There is much discussion in Canada and globally as to what approaches can be taken to try to curb the obesity endemic.  Many are of the opinion that regulations must be implemented at the government level in order to be effective.  Denmark has become the first nation to implement a hotly debated tax on saturated fat – should Canada and the rest of the world follow suit?

As of October 1st, Danes now face a ‘fat tax’ when they get to the checkout of the grocery store or pay up at a restaurant. (Of note, Denmark was also the first country in the world to restrict trans fats in 2003.) The fat tax varies depending on the percentage of saturated fat in a particular product, and equates to about $3.00 CDN per kilogram of saturated fat.  The resultant cost increase is about 15 cents CDN on a burger, or $1.20 on a pound of butter.  The overall cost is expected to increase annual food costs by the equivalent of about $190 CDN per family.

As expected, there are numerous criticisms to this approach to try to curb obesity.  First of all, taxing saturated fat does not necessarily mean healthier eating, as it depends on what alternate food is selected by people who make other choices to avoid the tax.  Purchasing highly processed white bread as an alternative, for example, would not be subject to the tax, but is not a healthy alternate choice.  Dark chocolate, which has antioxidant properties with possible health benefits in limited quantities, is subject to the tax, where as some gummy candies (also very popular in denmark), which have no putative health benefits, are not.   (This is all aside from the fact that Danes stocked up with mass amounts and record sales of saturated fat containing products in the weeks leading up to implementation of the tax – the thought of kilos of butter flying off of shelves makes me shudder!)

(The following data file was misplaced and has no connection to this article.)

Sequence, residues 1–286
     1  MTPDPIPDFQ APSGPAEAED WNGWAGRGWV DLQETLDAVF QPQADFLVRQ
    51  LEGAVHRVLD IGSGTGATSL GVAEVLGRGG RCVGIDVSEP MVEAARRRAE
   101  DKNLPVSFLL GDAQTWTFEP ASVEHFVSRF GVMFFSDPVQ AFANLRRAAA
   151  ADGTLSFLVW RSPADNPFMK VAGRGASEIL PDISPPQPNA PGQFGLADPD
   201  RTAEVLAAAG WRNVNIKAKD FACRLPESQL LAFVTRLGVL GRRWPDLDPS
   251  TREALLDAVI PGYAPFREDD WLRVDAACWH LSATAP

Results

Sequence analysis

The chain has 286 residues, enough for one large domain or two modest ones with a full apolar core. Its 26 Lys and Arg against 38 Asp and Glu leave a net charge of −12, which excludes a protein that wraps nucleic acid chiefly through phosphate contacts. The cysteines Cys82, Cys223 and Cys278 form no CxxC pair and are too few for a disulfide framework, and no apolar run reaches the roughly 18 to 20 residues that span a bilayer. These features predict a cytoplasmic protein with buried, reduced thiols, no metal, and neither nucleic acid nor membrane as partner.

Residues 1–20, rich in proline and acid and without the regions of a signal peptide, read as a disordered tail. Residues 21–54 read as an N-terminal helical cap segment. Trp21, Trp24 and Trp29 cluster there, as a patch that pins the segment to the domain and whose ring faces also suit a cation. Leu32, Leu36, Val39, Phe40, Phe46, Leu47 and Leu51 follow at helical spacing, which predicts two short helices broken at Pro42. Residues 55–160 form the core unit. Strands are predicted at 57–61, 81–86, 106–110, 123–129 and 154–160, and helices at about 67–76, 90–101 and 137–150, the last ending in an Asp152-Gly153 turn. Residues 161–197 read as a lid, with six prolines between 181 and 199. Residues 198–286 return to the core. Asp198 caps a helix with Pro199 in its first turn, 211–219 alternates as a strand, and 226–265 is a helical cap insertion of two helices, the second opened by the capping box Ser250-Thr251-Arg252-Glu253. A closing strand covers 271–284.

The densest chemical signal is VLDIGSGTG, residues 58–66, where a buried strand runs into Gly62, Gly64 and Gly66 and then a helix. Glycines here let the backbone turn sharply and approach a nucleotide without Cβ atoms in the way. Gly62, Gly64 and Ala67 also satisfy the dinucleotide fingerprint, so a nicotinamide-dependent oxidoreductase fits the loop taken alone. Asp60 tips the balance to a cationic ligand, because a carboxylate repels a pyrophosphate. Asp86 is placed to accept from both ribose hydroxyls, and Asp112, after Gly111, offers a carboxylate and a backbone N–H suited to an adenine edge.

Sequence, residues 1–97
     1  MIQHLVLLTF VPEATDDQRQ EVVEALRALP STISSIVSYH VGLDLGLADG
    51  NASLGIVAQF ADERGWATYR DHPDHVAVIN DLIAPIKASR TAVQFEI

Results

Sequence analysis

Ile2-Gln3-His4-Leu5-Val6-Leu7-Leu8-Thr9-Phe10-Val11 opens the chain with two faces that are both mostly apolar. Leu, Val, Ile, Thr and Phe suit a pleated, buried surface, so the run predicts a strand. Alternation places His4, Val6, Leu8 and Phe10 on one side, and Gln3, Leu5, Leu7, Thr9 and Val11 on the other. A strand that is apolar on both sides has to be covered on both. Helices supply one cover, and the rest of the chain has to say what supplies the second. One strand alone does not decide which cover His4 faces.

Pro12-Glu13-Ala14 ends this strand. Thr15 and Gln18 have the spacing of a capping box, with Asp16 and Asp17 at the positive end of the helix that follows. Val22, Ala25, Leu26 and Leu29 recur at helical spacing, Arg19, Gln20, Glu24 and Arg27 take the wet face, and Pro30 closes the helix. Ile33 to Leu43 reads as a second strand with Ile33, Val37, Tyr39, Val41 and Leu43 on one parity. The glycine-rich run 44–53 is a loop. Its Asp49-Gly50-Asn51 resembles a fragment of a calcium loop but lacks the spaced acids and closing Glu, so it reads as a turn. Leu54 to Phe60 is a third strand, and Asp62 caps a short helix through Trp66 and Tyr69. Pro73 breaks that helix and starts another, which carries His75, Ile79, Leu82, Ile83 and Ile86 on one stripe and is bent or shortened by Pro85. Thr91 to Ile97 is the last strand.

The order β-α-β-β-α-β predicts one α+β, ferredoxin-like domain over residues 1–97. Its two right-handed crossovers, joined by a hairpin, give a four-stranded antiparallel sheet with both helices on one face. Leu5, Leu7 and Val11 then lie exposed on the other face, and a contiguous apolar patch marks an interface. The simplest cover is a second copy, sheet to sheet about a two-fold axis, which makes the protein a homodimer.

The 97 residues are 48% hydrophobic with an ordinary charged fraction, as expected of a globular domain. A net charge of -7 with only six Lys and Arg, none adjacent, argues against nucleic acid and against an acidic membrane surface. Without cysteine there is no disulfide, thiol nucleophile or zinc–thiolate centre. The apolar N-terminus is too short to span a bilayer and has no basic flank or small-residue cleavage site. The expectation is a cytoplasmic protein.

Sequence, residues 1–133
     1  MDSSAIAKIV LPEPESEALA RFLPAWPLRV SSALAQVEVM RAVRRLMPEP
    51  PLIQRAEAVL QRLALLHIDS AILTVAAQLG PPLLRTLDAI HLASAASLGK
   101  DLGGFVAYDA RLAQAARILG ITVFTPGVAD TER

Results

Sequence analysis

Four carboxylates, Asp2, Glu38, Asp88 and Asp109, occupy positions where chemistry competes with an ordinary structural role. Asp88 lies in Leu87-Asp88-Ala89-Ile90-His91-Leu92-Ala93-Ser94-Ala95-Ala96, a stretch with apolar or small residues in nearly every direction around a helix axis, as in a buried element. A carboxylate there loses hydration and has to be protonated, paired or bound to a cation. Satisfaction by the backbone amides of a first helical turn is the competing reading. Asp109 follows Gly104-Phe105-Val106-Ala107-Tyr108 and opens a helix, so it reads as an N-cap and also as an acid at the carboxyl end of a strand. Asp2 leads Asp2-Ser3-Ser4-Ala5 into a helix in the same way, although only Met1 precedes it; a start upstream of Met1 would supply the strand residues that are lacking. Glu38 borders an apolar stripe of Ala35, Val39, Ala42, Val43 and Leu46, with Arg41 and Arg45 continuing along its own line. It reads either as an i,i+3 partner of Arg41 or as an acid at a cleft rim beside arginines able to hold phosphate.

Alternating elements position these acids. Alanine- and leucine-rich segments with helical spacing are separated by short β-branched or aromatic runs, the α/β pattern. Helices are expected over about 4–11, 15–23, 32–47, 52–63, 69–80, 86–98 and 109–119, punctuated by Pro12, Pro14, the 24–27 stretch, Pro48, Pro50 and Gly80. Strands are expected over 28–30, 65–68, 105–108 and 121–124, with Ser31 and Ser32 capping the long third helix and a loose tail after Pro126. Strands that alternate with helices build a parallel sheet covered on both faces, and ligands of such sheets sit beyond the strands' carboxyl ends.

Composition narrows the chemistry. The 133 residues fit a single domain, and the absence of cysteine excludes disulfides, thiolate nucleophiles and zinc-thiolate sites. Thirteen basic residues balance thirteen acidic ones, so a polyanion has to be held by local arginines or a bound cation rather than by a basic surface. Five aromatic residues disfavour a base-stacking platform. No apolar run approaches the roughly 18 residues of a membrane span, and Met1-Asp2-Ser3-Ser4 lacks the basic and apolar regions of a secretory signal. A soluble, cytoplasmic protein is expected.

There are also criticisms that this approach, or any approach that comes from a government level for that matter, is a direct infraction of our freedom as consumers to choose what we want to buy and consume.  The tax may also have a particularly challenging financial impact on low income families, as the tax may preferentially affect many lower cost food items.

The global response to Denmark’s leading step on the fat tax issue is varied.  France was quick to follow one week later with an announced tax on sugary soft drinks, and debate is now at an all-time high in many other countries.

So what is the right answer to this very difficult question?  Personally, I think that government-level regulations are necessary to curb obesity in our society over the long term, as our environment is extremely toxic and conducive towards weight gain, and unlikely to change substantially unless those changes come from above.  However, the changes that are made have to be selected and cultivated carefully, so as to ascertain that the impact is the intended one.  In Canada, many different regulations are being considered, including taxation of junk food, banning certain ingredients or foods outright, regulating sodium content of foods, and regulating the number and density of fast food restaurants (these considerations are nicely summarized in an article by Dr MJ Eisenberg in the Canadian Medical Association Journal last month – a free download).

I’m interested to hear what my readers think about this very controversial issue.

Dr Sue Pedersen © 2011

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